This page is for informative purposes only. While this page is a useful guide, become CPR certified and learn the latest guidelines by taking a class near you!
Key CPR Statistics
- There are over 350,000 sudden cardiac arrests a year in the United States. That’s 1 every 2 minutes!
- Without CPR, 92% of cardiac arrest patients die before reaching the hospital.
- Time matters! Every minute without CPR decreases the survival rate by 10%.
When to do CPR or Use an AED
If the person is in cardiac arrest, you should begin performing CPR (cardiopulmonary resuscitation). If an AED is available, send someone to retrieve it and begin using it once available. Cardiac arrest can cause a person to suddenly collapse.
- Sudden loss of responsiveness (even if you tap them or loudly ask “Are you okay?”)
- Lack of a normal breathing pattern (the person is only gasping or breathing stops)
How to Do Hands Only CPR
The video above shows the form of CPR recommended by the American Heart Association for bystanders to perform in the event of a cardiac arrest.
Steps for Hands Only CPR
- Call 911
- Begin chest compressions. Place one hand in the center of the chest, place your other hand on top, interlacing your fingers. Then press hard (chest should compress 2 inches) and fast (100-120 beats per minute to the song Stayin’ Alive by the Bee Gees)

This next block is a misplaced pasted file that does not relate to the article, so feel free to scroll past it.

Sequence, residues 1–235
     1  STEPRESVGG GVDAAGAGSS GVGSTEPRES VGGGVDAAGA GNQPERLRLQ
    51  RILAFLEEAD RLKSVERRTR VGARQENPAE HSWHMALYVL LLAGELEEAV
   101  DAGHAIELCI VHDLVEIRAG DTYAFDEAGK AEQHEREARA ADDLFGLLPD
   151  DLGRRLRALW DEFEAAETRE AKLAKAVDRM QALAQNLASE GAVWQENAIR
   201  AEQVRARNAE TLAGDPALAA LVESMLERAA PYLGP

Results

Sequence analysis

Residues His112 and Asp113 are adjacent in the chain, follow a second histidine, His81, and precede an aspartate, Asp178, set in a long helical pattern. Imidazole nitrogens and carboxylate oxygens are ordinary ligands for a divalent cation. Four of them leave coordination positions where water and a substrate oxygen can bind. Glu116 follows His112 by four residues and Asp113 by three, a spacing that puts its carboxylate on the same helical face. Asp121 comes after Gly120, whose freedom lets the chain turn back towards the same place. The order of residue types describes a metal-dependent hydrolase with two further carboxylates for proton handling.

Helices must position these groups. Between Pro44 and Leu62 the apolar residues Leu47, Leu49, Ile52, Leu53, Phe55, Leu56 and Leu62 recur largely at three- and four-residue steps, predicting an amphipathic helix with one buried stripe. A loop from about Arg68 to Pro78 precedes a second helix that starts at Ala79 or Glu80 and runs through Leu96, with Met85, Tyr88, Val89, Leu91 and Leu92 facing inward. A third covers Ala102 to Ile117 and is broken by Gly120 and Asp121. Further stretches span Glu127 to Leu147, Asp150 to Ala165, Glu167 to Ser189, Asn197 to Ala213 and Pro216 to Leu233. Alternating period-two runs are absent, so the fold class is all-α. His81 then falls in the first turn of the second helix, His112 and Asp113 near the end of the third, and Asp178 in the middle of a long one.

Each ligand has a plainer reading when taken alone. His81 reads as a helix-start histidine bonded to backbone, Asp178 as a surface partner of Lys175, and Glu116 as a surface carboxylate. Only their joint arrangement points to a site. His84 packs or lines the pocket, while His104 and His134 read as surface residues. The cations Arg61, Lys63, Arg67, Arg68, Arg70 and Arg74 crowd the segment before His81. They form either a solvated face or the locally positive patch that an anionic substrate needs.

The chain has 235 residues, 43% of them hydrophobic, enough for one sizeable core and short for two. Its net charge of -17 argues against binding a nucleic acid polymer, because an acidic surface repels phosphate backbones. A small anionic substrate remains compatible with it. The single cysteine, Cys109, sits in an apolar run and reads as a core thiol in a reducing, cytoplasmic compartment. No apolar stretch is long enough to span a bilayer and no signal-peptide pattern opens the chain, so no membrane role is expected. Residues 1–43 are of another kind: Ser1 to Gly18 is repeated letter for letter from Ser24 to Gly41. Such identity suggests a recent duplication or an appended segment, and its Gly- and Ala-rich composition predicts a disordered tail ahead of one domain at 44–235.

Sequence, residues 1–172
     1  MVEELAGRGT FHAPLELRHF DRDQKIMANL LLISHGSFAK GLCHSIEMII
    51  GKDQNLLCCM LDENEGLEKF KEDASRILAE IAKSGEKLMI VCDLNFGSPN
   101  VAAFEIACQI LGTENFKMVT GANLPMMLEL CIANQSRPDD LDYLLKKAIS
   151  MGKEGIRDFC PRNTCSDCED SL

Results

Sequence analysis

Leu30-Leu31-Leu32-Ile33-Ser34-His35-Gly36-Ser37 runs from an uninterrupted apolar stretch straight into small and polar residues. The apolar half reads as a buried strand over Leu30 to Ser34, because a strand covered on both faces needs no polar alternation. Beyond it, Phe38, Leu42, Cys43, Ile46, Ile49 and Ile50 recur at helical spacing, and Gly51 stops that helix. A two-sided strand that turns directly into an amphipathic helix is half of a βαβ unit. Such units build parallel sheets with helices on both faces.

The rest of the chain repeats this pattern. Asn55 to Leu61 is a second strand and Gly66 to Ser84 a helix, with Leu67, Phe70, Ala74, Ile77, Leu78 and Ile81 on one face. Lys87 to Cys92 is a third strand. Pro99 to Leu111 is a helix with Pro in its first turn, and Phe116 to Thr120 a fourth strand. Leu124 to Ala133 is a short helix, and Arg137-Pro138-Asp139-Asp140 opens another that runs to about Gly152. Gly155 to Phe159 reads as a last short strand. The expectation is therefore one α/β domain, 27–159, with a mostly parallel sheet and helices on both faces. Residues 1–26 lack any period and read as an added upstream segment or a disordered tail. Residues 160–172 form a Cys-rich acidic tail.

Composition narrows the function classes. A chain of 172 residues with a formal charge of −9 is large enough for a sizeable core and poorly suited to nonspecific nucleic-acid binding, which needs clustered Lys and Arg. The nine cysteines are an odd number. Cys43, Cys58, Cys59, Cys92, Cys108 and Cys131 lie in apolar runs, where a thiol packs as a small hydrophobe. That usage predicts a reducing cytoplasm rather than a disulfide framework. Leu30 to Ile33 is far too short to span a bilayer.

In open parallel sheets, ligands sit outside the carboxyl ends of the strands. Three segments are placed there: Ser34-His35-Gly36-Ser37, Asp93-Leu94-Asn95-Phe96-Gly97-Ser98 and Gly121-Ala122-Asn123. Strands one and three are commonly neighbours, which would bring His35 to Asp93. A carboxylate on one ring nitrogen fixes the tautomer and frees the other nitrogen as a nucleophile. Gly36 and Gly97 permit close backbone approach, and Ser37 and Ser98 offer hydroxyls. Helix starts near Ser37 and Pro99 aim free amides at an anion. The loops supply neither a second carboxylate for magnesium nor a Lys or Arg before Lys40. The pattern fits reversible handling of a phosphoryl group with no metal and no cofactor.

- If an automated external defibrillator (AED) is available, ask someone to retrieve it. Then follow the devices instructions, giving CPR as needed.
- Continue compressions until emergency services arrive or you are too exhausted to continue
When and How to Do CPR with Breaths
This video explains when responders should perform CPR with breaths. This method is still recommended by the American Heart Association for bystanders in some situations. Conventional CPR is also still the method that is performed by healthcare providers and those with training.
Steps for CPR with Rescue Breaths
- Call 911 and remember C.A.B. - Compression, Airway, Breathing
- Compression: begin compressions following the steps listed above
- Airway: Open the person’s airway by tilting the head back
- Breathing: Give 2 rescue breaths. Pinch the nose shut (or use a mask that cover it) and completely cover the mouth to form a seal, then breathe
- Alternate the cycle of 30 compressions followed by 2 breaths until help arrives or you are unable to continue
You can carry a CPR Microshield in your purse or bag, so you’re always prepared in case of emergency. It forms a barrier to protect you from the victim’s fluids. Another one-way valve option is a CPR Micromask. Its larger size and unique shape allow the mask to form a seal and makes performing CPR safer and more effective.
How to Use an AED
If an AED is available, you should have someone retrieve it while you begin CPR. An AED administers a shock that can restart the heart or tells you to continue CPR. Follow the AED’s spoken steps to know when to shock the patient or standby. The Zoll AED Plus is unique because it assists you during CPR, evaluating the depth and rate of your chest compressions in real time and telling you to push harder if needed.
Steps for Using an Automatic External Defibrillator
- Call 911
- Open the case and remove the lid. Then turn on the device
- Put on the included gloves
- Use scissors to cut the victim’s shirt open
- Use the included razor to shave the area where the pads will be applied, if needed
- Use clothing or a towel to dry the victim’s chest if they are wet
- Apply the pads, following the images printed on them. One pad should go on the upper chest and the other on the opposite abdominal